I tells ya, I’ve got this goofy clown doll on my desk which is sort of creepy but would never actually scare me and while I was watching BABADOOK, I looked up at it and the light hit it just right and it was like another doll altogether and I thought, “Why the hell do I own such a thing?!”And that’s what good horror does or good art in general does. It makes you look at your world through a different filter, if even for a brief moment. When you see something well done, you get to almost jump inside it for a while and if it’s really well done, it jumps inside of you.

Traumafession:: Warren F. on Ed Sullivan and a Gluttonous Muppet

I remember watching The Ed Sullivan Show (or program) on a “black and white” (grey scale) TV with my parents circa “1967”. Ed Sullivan was showing the puppetry talents of Jim Henson and one of his puppet performances was “The Glutton”. This was a very large Muppet operated by Jim that would eat everything in sight incessantly (the “cookie monster” of Sesame Street is a grossly watered down version of this “uncanny valley” mega puppet that Jim created). The glutton was interrupted in his eating by a small flying saucer. The saucer shot a ray at him and made him small. When he was small, a “normal sized” version of him walked into the scene, looked down at him, picked him up, and ate the smaller version of himself… needless to say the 5 year old me ran screaming from the room…

UNK SEZ: Thanks for the traumafession, Warren! Sadly I couldn’t find “The Glutton” on YouTube but I did find a clip of JIM HENSON’s first appearance on THE ED SULLIVAN SHOW, check it out below!

Traumafession:: Father of Tears on Deckard Versus Pris in Blade Runner

Blade Runner” as a childhood trauma? Considering how I was introduced to it yes! Way back in the early 1980s at the age of 15 I was channel surfing while watching TV. When I got to HBO I stumbled upon the scene in “Blade Runner” where Deckard confronted Pris. Deckard goes into the toy room filled with creepy dolls. When he finds Pris trying to imitate one of the life sized dolls she gets up and attacks him. As she beats him up I’m thinking, “This spike haired crazy lady with the weird makeup is creepy!” She’s screaming the whole time and she even gets him in a “standing headlock” with her legs. When she twisted his head and body around I thought she twisted just his head! Pris then temporally lets him go she decides to run at him to finish him off…..while doing gymnastic flips! While she’s in mid-flip Deckard gets his gun and shoots her in the abdomen. Now this is the part that REALLY had me creeped out: Pris lands on her back and she violently, and rapidly, pounds her fists and feet on the floor while she’s screaming her head off. Quite an unnerving thing to stumble upon!

Oh, this isn’t the first time I was “introduced” to a movie via seeing a traumatic death scene. Can you say “Heavenly Creatures“?


Traumafession:: Eric D. on Wolfman (1979) and Hugo’s Video Store

I was a child in the early 90’s and there were two things I loved; werewolves and the video store. A combination which got along together like peanut butter and jelly. Werewolves had been my favorite monster since I had been shown The Wolf Man starring Lon Chaney Jr. by my father. The other side of this match made in horror heaven, the video store was where I acquired my love of film and indulged my imagination.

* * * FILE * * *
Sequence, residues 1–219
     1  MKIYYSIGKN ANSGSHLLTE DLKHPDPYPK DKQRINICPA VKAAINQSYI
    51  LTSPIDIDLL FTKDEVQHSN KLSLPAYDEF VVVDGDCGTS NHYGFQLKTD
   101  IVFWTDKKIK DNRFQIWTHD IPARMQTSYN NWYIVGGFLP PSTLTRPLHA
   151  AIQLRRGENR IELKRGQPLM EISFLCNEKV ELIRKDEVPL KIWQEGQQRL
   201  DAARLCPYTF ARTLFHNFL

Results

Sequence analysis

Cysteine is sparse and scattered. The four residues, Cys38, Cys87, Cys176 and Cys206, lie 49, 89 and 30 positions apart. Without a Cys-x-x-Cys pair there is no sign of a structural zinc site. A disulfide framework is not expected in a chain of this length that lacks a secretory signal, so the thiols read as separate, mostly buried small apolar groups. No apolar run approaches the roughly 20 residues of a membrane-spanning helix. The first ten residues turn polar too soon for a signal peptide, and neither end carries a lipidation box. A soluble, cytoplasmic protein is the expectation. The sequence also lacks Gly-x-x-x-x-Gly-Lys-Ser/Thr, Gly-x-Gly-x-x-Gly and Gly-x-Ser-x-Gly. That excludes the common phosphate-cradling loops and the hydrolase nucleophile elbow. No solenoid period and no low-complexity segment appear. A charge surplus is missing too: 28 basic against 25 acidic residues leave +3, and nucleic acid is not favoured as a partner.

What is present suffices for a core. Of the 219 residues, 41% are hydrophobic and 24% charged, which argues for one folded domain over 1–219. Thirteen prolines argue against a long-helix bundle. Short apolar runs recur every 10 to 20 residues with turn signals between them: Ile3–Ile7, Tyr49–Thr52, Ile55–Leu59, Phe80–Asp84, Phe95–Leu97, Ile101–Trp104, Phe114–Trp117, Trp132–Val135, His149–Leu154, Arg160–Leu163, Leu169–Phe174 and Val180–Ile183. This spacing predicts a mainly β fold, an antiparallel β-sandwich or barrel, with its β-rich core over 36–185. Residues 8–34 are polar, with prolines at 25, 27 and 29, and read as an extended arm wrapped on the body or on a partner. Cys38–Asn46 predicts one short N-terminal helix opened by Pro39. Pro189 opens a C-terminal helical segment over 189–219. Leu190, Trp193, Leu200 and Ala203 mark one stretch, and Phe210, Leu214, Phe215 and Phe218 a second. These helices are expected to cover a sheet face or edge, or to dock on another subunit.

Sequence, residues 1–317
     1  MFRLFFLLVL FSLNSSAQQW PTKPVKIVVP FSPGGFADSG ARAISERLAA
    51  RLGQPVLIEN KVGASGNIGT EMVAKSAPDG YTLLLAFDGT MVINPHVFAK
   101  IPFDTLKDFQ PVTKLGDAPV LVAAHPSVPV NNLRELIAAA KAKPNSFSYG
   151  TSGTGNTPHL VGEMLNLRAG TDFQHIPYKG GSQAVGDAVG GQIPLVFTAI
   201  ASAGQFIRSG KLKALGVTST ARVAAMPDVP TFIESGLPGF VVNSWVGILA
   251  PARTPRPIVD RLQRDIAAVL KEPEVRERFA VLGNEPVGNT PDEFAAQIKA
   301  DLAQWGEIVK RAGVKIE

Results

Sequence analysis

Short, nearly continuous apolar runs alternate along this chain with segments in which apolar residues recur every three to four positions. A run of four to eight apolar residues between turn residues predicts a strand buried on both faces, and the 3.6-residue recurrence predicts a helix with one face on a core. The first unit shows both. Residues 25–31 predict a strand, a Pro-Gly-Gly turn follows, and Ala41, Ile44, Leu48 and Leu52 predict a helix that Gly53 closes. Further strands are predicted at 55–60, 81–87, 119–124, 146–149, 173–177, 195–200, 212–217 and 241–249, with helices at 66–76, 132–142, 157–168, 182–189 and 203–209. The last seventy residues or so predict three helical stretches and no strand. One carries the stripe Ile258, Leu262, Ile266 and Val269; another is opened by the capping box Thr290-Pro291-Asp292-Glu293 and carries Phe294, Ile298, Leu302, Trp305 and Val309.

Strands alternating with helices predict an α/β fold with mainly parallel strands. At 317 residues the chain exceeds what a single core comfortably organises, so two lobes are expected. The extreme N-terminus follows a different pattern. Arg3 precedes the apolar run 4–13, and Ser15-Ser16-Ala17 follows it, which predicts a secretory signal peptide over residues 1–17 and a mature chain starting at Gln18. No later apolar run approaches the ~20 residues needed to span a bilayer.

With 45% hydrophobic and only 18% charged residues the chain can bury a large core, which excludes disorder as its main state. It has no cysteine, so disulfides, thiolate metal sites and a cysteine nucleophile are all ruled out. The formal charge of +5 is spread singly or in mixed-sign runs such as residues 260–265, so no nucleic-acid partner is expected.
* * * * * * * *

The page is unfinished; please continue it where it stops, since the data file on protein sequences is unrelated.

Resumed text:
In short, the video store was my salvation. I loved everything about it, going there and seeing all the strange box covers promising entry into a strange, fantastic and often terrifying world where all the rules and limitations of mundane reality no longer applied. Werewolves, vampires, unstoppable indestructible undead maniacs and monsters of every description were not only very much real but out to get you; you were in their world now. It was simply the biggest thrill in my life. The first video store that I ever frequented was Hugo’s video store.

It was a small independent operation run by none other than the man himself, the eponymous; Hugo. The place had wooden shelves upon which sat all the box covers. I was compulsively drawn to the horror section because I adored the genre more than any other due to an early introduction given me by my father of all the old Universal Monster movies of the 1930’s and 40’s. Now one box in particular stood out and scared me, positively sent shivers down my spine. It featured a werewolf with what appeared to be bluish-blackish hair, an off white or light tan dress shirt, bearing his fangs and staring down from the shelf with the most terrifying look my young eyes had ever seen. My heart skipped a beat looking up at that face and made me feel as though my stomach dropped out.

My father rented it for me, I got it home, put the tape into the VCR and by the end, I was captivated, frightened and utterly distraught. It was the saddest movie my young self had ever seen. Many years past, Hugo’s video store packed up and moved to another location in the neighborhood for a short while and then eventually went out of business. Other video stores opened up at the same time as or shortly after Hugo’s and they in turn went defunct as the decade gave way to the millennium and the rise of the internet sounded the death knell of these emporiums of my adolescent phantasmagorical celluloid neuroses.